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How do you keep up with technologies and programming news?

tylerwel profile image tyler-wel ・1 min read

I feel a bit overwhelmed by all different news, blog, and tutorial sites, I have no idea where to look for the new trends, releases, etc.

How and where does everyone keep up with the news and trends?

Discussion

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jmfayard profile image
Jean-Michel Fayard πŸ‡«πŸ‡·πŸ‡©πŸ‡ͺπŸ‡¬πŸ‡§πŸ‡ͺπŸ‡ΈπŸ‡¨πŸ‡΄

Your assumption here is that you must keep up with everything.
In fact, it's an emotional problem, you have Fear Of Missing Out.
The solution is to realize that your emotional sensor is off.
It's not because you experience fear that there is a real danger out there.
No wild beast is there to attack you if you don't know the latest JavaScript framework.
In fact, you may now know it because you focused on the right thing:
Delivering value to your customers.
My first advice is to not try to keep up with everything.
My second advice is to delete your Twitter account.
My third advice is to watch this awesome talk

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tylerwel profile image
tyler-wel Author

Thanks for the video recommendation. Now that you mention it, it totally feels like FOMO. Kind of prompted by some of my coworkers seemingly knowing all the new trends and releases right as they happen. I feel like the IT/Software engineer community is already competitive enough, feel like I'm going to miss out on being successful

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trashhalo profile image
Stephen Solka
  • hacker news
  • feedly
  • github.com/trending
  • a couple slack communities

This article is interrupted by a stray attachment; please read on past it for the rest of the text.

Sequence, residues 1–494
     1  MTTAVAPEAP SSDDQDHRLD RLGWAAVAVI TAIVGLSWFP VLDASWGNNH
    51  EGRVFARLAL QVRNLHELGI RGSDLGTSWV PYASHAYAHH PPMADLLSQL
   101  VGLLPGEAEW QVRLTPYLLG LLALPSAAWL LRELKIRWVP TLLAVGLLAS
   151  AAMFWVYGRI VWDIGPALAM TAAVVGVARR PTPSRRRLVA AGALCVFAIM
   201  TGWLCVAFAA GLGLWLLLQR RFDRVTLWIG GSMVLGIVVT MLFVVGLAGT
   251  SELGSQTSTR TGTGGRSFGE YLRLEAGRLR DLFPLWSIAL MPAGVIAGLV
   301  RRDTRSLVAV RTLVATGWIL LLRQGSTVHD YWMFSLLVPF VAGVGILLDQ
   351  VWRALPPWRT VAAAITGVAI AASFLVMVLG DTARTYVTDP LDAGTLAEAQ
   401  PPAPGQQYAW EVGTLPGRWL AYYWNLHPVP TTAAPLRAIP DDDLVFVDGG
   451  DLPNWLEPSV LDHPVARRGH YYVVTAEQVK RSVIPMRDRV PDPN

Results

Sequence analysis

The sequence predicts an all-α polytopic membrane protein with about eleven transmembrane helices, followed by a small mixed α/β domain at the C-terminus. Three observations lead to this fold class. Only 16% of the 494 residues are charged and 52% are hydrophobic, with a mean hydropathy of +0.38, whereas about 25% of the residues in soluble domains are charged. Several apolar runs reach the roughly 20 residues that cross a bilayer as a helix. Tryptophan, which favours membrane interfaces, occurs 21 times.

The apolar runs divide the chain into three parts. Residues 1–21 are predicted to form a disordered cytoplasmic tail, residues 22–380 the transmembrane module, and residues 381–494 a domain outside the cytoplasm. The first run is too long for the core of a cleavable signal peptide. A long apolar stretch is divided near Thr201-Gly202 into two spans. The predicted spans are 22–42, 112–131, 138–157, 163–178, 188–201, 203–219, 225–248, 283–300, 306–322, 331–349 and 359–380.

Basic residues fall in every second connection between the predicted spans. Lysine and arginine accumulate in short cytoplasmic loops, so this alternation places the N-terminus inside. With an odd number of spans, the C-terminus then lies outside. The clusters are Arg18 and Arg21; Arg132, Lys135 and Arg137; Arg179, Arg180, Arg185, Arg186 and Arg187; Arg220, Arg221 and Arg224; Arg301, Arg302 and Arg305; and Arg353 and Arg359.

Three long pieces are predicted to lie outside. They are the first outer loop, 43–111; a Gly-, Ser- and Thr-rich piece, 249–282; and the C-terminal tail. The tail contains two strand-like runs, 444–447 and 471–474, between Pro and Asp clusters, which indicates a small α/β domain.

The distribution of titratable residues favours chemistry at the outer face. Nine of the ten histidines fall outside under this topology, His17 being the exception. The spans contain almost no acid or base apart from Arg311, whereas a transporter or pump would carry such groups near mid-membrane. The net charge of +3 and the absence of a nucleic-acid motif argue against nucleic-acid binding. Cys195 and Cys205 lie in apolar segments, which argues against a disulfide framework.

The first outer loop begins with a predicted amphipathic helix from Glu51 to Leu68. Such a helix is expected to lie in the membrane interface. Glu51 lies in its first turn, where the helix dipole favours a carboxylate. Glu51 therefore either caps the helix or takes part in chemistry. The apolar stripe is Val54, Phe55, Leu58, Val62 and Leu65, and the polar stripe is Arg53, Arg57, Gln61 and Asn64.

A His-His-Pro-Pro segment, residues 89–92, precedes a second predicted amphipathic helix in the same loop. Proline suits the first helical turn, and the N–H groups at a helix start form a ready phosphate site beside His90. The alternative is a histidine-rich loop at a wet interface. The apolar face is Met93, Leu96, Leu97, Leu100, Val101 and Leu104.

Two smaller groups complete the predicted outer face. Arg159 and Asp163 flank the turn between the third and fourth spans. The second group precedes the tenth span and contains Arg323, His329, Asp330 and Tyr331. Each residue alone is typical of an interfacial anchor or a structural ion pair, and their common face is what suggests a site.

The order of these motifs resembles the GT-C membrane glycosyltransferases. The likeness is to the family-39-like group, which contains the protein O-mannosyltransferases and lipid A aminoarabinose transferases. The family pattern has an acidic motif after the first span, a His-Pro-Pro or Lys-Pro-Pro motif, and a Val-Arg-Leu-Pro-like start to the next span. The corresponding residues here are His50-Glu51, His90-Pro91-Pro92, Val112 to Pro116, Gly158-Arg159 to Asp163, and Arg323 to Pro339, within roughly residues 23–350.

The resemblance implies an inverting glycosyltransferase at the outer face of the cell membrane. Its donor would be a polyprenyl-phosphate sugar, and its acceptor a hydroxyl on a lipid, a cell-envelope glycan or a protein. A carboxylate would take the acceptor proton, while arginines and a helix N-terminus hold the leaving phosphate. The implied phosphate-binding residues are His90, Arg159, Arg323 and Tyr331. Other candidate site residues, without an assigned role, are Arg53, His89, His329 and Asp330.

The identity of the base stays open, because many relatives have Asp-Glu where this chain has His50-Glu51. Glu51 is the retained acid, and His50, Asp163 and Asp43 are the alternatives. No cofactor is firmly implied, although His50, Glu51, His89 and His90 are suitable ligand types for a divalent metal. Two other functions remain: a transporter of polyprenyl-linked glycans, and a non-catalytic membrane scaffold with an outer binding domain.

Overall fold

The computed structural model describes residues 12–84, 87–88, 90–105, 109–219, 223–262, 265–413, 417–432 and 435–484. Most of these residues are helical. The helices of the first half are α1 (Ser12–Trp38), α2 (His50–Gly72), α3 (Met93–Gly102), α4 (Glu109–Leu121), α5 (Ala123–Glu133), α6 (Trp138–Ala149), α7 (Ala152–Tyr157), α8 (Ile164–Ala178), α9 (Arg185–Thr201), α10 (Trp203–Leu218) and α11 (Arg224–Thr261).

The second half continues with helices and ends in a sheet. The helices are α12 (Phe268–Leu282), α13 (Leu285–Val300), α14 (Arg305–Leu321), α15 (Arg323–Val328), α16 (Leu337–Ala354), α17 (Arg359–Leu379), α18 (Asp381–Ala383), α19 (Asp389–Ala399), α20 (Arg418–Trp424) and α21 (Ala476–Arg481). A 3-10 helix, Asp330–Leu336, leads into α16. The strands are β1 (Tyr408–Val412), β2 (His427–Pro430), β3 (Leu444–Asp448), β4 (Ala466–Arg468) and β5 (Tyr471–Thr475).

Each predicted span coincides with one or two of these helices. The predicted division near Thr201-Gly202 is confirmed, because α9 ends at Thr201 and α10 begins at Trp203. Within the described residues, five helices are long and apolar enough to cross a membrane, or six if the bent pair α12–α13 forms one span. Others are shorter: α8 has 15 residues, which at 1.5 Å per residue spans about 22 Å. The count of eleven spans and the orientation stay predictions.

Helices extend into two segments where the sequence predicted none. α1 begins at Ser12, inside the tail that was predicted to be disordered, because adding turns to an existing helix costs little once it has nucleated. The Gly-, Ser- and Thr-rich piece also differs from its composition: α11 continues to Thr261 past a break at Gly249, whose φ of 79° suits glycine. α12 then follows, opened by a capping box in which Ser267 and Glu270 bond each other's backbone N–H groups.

• reddit r/arduino r/coolgithubprojects r/crystal_programming r/elixir r/elm r/git r/golang r/ipfs r/javascript r/opensource r/programming r/raspberry_pi r/reasonml r/rust r/selfhosted r/WebAssembly
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tylerwel profile image
tyler-wel Author

I feel like I need to probably curate my reddit a little more... but thanks for the feedly recommendation! Looks right up my ally for reducing information overload

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winstonpuckett profile image
Winston Puckett

What I did was get a core understanding of a language and then do lots of projects. Then my learning was always applicable to what I was doing. This seems to have served me really well as it taught me how to learn and apply knowledge as needed and I didn't feel quite as overwhelmed with having to learn things I wasn't going to apply :).

Of course, I am doing more learning beyond projects... But only when I naturally find a topic I'm interested in like Rust.

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cess11 profile image
PNS11

Software development hasn't changed much since the invention of Prolog in the eighties so I'm not so sure what could count as news. Perhaps solutions to things in Knuth's The Art that he didn't have the time to solve? That would probably show up inbetween the gossip and advertisements on Hacker News.

If a language you're fluent in incorporates features from lisps, prologs, forths or ML:s they'll probably put it in the manual and changelogs, and they probably have easy to find channels for communicating about new releases, as does most active software projects.

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donheinz22 profile image
Heinrich

I'm in the same current situation. But rather trying to build who you are by learning all these languages, it is recommended to find problems or things you want to do first than actually learning all this programming languages and be overwhelmed. Don't shy away from copying code and learning from it but don't submit other users code as your own, the take away here is that you can fork someone else work to build on top of it as long as it is permitted by the original user/pr. That's what is recommended most of the time. As well as doing a 100 hrs of code where you try to code within 1 hr each day completing the 100 hr to motivate yourself to learn different ways, or different languages.

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rajats profile image
Rajat Saxena

I mostly follow Hacker News for the updates. Apart from that, I frequent Medium.com and the official blogs of technologies I am working with.

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tylerwel profile image
tyler-wel Author

Gotta get used to the hacker news UI lol